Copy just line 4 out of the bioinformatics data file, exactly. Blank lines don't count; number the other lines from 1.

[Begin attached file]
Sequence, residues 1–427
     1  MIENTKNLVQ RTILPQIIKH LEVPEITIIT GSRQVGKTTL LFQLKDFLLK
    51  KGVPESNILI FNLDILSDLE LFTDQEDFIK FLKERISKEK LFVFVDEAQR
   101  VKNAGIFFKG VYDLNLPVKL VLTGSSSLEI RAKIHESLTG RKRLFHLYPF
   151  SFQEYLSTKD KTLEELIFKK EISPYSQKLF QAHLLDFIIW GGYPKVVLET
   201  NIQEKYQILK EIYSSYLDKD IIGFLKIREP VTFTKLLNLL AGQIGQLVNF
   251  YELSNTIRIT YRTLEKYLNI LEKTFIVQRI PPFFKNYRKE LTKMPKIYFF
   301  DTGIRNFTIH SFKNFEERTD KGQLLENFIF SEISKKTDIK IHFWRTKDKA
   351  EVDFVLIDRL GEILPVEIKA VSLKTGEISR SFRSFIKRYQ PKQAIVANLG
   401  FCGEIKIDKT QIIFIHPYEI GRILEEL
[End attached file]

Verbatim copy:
   101  VKNAGIFFKG VYDLNLPVKL VLTGSSSLEI RAKIHESLTG RKRLFHLYPF